EMCC European Monitoring Centre on Change

Baltic Solar Energy

16 Jul, 2015
    • Lithuania
  • Organisation size


  • Establishment size


  • Type of restructuring
    • Business expansion
    • Internal restructuring
  • Ownership
    • Private
  • Involved actors

    • European Commission
    • National government
    • Development agencies
    • Education/training provider
    • Business partners/supply chain
    • Private consultants
    • Banks
  • Anticipation of change activities
    • R&D - innovation
  • Management of change activities
    • Diagnosis of the situation and designing change procedures
    • Multistakeholder communication and networking
    • (Re)training of affected employees
    • Supporting the access to finance of the affected organisation
    • Reorientation of previous productive resources (site/equipment/etc) and diversification measures
    • Support of networks/partnerships among organisations

This study investigates green change in the Lithuanian company Baltic Solar Energy (BSE), specialising in photovoltaic energy and the manufacture of solar cells. The study demonstrates that the company’s shift to the production of solar cells will most likely result in the significant expansion of green jobs; after restructuring, approximately 80% of the company’s jobs will be newly created roles. It will also lead to the development of green skills, technical and engineering skills in particular. It is also anticipated that future green jobs will be better paid than the company’s traditional jobs.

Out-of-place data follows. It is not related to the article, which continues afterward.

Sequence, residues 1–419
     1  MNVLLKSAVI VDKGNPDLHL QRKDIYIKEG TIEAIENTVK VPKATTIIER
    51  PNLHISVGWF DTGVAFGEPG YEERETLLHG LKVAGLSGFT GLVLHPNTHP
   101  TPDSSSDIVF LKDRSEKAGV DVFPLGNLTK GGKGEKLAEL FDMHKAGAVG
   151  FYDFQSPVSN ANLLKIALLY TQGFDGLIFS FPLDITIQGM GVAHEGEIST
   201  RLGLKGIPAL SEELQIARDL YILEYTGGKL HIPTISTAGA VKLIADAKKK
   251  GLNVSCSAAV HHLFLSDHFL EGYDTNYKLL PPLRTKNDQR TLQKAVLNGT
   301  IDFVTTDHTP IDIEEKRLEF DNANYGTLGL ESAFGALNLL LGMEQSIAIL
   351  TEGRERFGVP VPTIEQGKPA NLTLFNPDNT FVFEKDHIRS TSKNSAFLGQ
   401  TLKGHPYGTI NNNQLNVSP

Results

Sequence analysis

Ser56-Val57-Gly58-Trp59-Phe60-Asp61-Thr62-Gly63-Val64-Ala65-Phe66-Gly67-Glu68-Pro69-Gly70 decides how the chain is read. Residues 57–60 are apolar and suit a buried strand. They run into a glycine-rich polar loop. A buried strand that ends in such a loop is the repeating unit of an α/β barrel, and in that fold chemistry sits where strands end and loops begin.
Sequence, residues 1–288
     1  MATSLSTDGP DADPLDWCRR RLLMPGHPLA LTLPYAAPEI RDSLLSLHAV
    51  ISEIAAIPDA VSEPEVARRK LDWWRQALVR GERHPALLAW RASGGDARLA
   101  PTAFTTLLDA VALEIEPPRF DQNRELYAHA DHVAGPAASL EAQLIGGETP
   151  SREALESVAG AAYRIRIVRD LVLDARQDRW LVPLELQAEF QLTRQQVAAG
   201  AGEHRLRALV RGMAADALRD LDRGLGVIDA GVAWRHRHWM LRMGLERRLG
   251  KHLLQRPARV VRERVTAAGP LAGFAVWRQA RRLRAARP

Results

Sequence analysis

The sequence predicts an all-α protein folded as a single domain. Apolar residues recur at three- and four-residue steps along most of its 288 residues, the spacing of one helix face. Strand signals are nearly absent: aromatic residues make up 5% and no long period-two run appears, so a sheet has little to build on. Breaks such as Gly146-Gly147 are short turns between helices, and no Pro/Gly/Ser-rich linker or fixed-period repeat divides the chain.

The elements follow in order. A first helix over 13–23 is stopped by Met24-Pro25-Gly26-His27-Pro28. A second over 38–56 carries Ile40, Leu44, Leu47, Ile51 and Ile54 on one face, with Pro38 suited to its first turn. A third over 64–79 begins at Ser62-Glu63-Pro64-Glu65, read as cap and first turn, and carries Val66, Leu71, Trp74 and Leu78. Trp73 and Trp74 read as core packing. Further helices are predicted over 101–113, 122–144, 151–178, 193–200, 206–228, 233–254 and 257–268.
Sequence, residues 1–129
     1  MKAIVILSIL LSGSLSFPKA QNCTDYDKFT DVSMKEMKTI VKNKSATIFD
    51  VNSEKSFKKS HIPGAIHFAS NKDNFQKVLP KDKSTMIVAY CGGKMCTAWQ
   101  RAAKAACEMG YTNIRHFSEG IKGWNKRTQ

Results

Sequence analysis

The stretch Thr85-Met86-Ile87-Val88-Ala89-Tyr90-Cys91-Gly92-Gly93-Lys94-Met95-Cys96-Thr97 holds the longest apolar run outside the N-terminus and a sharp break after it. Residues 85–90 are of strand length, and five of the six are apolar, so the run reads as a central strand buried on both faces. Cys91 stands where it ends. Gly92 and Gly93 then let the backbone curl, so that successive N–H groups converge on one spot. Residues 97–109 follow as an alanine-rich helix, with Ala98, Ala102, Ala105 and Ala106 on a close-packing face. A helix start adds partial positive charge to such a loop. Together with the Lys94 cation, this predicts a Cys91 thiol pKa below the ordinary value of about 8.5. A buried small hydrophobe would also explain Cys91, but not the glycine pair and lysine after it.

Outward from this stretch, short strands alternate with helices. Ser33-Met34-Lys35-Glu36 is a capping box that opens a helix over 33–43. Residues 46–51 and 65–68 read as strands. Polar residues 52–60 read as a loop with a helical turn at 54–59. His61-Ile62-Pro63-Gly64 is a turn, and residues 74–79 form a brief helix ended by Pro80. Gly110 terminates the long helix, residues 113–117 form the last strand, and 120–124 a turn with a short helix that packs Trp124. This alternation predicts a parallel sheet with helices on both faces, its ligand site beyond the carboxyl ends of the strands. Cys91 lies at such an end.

Photovoltaic (PV) technology in Lithuania has had a long tradition of basic and applied research since the Soviet period. The accession of Lithuania to the EU, which opened up new possibilities to use European Structural Funds for the development of new prospective technologies, along with the global trend of accelerating the development of solar energy technologies, gave additional impetus to the growing interest of Lithuanian business in the area of photovoltaic/solar technologies. A number of Lithuanian companies, including Baltic Solar Energy (BSE), are in the process of developing a new solar energy sub-industry in the Baltic States.

BSE, based in Vilnius, Lithuania, started its activities in 2009 and specialises in experimental production of PV solar cells. BSE is a spin-off from the BOD Group, which was established in 1998. The company is an active member of the PV Technologies and Business Association and the PV Technology Cluster. Currently it has 14 employees.